Green MP Chlöe Swarbrick says New Zealanders can't expect young people to stick around as the cost of living increases and the border opens after "talking down" to them for years.
The Ministry of Business, Innovation and Employment (MBIE) has warned at least 50,000 New Zealanders will leave over the next year - many of whom will be young New Zealanders in search of better pay and living conditions.
While some of the Kiwis leaving will simply be taking their overdue OE, there are fears some won't come back due to high inflation and the cost of living.
Swarbrick said it's worth noting if 50,000 did leave it would be in line with regular migration figures from the early 2010s - before the pandemic.
But she said young New Zealanders can't be expected to stick around after being criticised for years.
"In this country and in political and public policy debates we have spent years talking down to renters and young people and workers and students and when you've spent years doing that, you can't expect people to stick around when you need them," Swarbrick told AM on Wednesday.
"So there is a real shift for paying attention to those voices and shifting the priorities, I think, in terms of public policy."
However Swarbrick said New Zealand isn't the only country dealing with high inflation and increasing living costs. Inflation in the United States hit a 40 year high of 7.9 percent this year while the United Kingdom is dealing with inflation of 6.2 percent. The rate for the European Union also reached an all-time high of 5.60 percent. Australia is the only outlier with relatively low inflation of just 3.5 percent.
Swarbrick said despite the costs Kiwis will head overseas for some "fun".
She said while New Zealand might not be able to compete with cities like London and Berlin, prioritising public transport would make our cities more attractive to youngsters.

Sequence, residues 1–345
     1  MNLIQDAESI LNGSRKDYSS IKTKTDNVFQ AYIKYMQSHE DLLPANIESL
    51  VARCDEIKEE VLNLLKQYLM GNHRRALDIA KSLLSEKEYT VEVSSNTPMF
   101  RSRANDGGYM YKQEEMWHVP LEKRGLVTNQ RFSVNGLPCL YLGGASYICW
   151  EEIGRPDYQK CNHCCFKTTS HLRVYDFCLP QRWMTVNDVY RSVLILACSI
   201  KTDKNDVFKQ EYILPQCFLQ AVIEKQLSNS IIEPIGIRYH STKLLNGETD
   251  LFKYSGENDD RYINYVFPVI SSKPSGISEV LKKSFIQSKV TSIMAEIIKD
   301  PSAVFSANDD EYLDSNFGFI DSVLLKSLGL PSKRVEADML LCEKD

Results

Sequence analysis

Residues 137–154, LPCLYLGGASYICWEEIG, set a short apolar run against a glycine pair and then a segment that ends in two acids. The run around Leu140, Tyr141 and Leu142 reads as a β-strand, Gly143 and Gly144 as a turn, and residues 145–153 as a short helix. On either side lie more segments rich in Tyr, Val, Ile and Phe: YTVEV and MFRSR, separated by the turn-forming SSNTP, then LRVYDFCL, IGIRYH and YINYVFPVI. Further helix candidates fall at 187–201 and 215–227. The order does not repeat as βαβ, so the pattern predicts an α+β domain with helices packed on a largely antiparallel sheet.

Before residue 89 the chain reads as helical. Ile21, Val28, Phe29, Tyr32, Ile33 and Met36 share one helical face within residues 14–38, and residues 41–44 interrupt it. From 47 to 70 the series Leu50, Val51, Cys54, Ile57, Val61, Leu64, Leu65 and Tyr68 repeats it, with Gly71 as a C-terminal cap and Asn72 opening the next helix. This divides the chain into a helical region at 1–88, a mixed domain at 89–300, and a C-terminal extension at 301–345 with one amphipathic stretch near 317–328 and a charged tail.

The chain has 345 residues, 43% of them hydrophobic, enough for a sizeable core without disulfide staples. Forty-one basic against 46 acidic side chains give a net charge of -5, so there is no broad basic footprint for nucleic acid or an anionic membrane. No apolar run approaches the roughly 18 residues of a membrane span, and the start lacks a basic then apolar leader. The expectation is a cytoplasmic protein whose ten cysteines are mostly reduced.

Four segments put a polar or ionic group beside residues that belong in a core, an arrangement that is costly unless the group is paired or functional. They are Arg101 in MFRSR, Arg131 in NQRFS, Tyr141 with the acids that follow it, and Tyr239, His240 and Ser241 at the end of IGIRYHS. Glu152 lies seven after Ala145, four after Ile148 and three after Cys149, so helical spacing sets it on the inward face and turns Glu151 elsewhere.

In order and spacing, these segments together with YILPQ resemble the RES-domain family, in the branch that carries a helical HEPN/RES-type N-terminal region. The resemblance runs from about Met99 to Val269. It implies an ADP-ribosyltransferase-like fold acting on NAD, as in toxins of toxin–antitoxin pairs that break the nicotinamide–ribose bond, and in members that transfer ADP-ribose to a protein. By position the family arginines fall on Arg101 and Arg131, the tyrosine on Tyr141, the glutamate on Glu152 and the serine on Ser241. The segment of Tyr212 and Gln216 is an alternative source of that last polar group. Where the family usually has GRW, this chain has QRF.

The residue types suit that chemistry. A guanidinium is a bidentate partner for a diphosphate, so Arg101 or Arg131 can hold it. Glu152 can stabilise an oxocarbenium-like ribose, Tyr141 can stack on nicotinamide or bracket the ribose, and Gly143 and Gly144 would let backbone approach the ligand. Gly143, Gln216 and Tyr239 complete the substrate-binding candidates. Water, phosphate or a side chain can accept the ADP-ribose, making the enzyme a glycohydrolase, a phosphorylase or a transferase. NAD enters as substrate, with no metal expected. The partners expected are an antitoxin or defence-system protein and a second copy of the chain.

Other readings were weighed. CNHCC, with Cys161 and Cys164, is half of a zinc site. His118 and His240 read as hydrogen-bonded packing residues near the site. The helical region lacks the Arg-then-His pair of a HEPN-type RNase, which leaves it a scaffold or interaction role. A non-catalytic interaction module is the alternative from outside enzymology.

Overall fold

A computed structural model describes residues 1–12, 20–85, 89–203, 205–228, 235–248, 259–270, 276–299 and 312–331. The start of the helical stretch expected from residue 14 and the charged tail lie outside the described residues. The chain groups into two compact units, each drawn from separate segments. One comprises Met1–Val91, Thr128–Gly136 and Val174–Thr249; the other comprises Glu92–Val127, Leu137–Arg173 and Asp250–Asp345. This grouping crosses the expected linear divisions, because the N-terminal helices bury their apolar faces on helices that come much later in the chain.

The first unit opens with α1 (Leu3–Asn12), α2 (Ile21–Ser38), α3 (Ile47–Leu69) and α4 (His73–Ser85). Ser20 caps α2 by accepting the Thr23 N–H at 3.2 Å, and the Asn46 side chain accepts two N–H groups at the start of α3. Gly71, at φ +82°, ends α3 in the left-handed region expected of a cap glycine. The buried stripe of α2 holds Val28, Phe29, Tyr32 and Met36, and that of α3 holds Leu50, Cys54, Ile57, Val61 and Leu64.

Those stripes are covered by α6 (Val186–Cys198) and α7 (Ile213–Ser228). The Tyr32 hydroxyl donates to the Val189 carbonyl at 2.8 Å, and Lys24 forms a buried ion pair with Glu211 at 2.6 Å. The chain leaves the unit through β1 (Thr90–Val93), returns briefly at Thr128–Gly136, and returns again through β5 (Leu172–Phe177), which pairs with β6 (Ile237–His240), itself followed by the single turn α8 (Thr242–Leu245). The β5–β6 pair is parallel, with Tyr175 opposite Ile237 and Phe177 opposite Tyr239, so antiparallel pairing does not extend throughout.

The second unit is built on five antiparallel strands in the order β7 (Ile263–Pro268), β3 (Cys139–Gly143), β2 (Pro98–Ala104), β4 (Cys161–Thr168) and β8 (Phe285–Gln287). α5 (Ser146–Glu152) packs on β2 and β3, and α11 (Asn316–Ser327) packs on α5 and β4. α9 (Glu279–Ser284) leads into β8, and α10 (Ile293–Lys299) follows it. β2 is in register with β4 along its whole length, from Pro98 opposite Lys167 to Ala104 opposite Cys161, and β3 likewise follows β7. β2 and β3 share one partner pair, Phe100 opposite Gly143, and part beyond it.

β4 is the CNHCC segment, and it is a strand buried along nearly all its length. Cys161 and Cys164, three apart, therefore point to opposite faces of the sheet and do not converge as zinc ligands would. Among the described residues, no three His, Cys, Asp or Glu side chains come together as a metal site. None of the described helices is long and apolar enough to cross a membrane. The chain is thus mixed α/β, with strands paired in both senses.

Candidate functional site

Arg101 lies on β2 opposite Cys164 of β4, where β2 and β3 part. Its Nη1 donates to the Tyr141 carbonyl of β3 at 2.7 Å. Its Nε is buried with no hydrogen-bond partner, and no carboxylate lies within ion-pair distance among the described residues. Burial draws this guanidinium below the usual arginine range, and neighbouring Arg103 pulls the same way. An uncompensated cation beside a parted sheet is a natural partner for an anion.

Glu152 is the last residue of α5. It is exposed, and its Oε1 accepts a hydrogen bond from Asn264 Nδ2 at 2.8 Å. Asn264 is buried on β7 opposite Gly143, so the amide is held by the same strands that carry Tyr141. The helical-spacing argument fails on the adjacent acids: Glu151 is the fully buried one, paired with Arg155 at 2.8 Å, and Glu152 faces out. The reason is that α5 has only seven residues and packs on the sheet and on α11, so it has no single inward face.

"When we are talking about what young people want I think we are generally talking about what all people want, which is affordable and quality housing, a decent income and god forbid the ability to have some fun as well as put down roots.
"We're never going to have a Berlin or Melbourne or a London or a New York in Aotearoa New Zealand but we do have a Tāmaki Makaurau, a Wellington, a Christchurch, a Dunedin and everything in between.
Swarbrick said cities have been treated like museums for too long and change is needed.
"They [cities] do need to shift and change and we do need to be prioritising things like public transport - which is exactly the ease of movement and the mobility and the fun and the lifestyle young people go overseas to experience."
Prime Minister Jacinda Ardern on Tuesday responded to questions in Parliament about MBIE's briefing. She said Kiwis leaving New Zealand for overseas experiences has been "part of our history".
"I note with interest the question comes from a member who spent some time in - if I recall - Canada and is being asked to myself who spent some time in London. It has been part of our history as a nation to frequently have New Zealanders come and go as part of our overseas experience, building skills and talent."
Ardern said the Government is focused on ensuring businesses in New Zealand can access the workers they need.
"We know that there's more to do on that front but unlike the member's perspective of New Zealand, New Zealand is a very highly desirable destination for workers and that's why we've already seen thousands of people applying for working holiday visas to come to our shores."
It's a sentiment shared by Opposition leader Christopher Luxon who told AM on Wednesday OEs are a part of Kiwi life.
But Luxon also called on the Government to do more to attract migrants to our shores to help meet labour shortages.